Friday, August 7, 2020 - 12:30pm to 2:30pm
Location:to take place via Zoom
For More Information, Contact:Stacey Young, firstname.lastname@example.org
Improving Deep Generative Modeling with Practical Applications
Friday, August 7, 2020
12:30pm - Zoom
Yiming Yang, (chair)
Quoc V. Le, (Google)
At the core of unsupervised learning, generative models provide a systematic framework to understanding real-world data from various domains in a probabilistic manner. Among many possible desiderata of generative models, density estimation, data generation, and representation learning are widely regarded as the three most wanted properties. In recent years, with the rapid development of deep neural networks and computational hardware, the field of deep generative models has witnessed dramatic advancement in all three aspects, significantly outperforming traditional generative models.
Despite the success, existing neural architectures and training objectives still face many fundamental drawbacks. With these challenges in mind, this thesis focuses on developing novel neural architectures and training objectives that are highly expressive, allow for efficient optimization, and can scale to a large amount of data for generative modeling.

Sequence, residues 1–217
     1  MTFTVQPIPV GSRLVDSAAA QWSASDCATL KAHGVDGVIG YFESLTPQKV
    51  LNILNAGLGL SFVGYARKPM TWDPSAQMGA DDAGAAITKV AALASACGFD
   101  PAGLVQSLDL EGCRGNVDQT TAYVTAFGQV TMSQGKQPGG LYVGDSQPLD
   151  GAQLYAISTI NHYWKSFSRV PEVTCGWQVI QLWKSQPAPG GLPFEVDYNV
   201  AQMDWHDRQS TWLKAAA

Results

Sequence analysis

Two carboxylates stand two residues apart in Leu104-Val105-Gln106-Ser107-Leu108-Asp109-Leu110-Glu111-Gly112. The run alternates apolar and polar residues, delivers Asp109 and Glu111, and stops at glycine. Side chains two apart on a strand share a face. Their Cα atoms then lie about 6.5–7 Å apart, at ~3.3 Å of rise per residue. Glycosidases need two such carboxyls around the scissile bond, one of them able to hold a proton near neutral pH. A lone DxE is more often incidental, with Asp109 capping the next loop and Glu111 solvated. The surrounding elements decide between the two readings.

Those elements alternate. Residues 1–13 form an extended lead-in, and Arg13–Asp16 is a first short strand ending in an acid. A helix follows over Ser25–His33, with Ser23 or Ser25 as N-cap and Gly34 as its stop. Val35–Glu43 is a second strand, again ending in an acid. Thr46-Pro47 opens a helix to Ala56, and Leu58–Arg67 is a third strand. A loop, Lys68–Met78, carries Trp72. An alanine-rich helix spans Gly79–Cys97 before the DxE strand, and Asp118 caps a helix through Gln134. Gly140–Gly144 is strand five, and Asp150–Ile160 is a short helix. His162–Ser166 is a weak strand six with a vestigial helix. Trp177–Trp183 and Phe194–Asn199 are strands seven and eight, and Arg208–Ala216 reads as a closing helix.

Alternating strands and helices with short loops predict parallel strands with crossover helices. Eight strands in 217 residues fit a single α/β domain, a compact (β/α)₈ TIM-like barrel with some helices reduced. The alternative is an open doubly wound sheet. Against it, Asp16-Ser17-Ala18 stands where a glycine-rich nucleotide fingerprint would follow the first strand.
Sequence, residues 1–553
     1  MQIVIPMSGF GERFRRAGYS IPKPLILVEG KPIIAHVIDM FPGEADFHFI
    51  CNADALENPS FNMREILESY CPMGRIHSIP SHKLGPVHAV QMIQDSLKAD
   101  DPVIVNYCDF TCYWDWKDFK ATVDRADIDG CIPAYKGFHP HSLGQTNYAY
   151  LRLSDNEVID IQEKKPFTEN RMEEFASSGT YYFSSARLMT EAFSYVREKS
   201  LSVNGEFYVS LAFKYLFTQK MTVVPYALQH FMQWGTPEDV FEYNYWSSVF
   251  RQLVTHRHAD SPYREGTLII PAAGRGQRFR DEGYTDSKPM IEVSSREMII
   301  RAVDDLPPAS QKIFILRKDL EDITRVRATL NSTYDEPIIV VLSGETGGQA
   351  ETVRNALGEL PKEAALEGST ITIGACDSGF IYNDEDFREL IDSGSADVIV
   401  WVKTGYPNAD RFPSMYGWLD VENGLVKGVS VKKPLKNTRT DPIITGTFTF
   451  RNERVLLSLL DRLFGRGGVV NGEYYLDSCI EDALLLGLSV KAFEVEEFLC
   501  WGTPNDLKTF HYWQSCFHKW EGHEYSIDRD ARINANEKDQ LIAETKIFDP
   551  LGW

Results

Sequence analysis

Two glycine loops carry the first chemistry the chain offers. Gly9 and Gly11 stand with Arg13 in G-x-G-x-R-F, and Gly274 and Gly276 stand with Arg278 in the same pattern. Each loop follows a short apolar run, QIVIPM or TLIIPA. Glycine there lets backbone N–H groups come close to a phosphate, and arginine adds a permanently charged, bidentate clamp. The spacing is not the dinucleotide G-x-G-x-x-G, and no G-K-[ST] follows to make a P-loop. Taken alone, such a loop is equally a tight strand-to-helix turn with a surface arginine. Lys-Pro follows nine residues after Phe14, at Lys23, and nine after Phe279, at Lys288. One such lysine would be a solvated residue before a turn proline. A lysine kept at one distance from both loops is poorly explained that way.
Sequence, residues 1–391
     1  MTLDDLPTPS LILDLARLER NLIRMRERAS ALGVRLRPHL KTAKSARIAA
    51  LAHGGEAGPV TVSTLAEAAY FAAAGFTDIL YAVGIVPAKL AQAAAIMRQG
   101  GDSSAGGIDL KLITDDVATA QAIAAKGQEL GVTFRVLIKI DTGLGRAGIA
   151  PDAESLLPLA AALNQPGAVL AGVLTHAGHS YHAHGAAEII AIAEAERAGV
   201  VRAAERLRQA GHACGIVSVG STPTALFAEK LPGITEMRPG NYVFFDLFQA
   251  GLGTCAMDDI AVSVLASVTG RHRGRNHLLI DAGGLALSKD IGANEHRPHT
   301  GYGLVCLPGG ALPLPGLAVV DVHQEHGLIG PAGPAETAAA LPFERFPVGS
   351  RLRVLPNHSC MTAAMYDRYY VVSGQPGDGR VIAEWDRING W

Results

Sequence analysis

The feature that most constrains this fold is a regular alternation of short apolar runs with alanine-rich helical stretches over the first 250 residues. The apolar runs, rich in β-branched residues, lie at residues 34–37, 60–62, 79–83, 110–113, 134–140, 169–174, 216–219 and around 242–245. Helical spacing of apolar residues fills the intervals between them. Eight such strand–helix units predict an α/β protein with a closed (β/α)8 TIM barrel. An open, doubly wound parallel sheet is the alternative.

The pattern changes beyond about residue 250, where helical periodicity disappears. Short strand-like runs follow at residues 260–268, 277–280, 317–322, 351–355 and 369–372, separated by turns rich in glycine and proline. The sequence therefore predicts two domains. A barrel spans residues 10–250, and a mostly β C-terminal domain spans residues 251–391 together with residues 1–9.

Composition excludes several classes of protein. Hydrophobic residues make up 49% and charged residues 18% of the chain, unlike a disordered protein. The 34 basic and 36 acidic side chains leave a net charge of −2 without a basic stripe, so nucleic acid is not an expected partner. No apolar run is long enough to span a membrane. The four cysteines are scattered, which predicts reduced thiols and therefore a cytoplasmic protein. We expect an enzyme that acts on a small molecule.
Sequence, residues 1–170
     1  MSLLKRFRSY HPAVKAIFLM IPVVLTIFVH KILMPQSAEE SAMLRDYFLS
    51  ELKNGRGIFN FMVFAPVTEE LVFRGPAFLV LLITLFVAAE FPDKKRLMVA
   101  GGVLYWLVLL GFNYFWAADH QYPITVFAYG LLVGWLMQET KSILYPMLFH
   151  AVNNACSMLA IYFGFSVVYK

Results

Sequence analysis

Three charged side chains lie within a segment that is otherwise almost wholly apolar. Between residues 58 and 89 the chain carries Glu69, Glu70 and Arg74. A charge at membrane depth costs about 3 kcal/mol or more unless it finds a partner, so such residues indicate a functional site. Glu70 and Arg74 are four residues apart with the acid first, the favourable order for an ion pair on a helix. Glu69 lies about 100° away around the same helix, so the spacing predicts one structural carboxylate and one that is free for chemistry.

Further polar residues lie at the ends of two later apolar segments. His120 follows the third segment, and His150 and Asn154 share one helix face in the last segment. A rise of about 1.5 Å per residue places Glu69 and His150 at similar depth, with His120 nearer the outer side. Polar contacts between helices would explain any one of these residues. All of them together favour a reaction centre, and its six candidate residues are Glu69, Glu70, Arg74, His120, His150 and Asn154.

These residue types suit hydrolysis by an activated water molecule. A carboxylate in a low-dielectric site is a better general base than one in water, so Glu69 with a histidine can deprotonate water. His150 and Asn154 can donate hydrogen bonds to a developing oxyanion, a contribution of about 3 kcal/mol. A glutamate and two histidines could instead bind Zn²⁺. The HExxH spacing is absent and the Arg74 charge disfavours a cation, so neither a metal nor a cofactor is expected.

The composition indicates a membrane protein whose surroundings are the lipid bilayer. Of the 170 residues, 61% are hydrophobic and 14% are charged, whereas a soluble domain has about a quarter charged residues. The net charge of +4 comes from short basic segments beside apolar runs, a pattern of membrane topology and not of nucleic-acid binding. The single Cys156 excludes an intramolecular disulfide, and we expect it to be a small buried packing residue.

Notably, to better exploit the optimization advantage of Transformer to capture long-term dependency, we propose Transformer-XL, which integrates segment-level recurrence into self-attention without disrupting the temporal coherence. Further, to combine the benefits of autoregressive and denoising auto-encoding based language pretraining, we propose XLNet, which relies on a permutation language modeling objective to maximize the expected log-likelihood of a sequence w.r.t. all possible permutations of the factorization order and hence capture bidirectional context. By further integrating ideas from Transformer-XL, XLNet consistently outperforms previous best language pretraining method under the same training condition, and achieves the state-of-the-art performance when scaled up. In addition, to further exploit the effectiveness of language pretraining, we propose a more efficient self-attention architecture Funnel-Transformer, which compresses the hidden state sequence to a shorter length and hence reduces the computation cost. With sequence compression, Funnel-Transformer allows one to trade the sequential resolution of the hidden statesequence for a deeper or wider model, leading to substantial gains under the same amount of computation as measured by the FLOPs.
For a copy of the defense thesis please go to the following link.
The zoom meeting can be accessed here: https://cmu.zoom.us/j/8790302067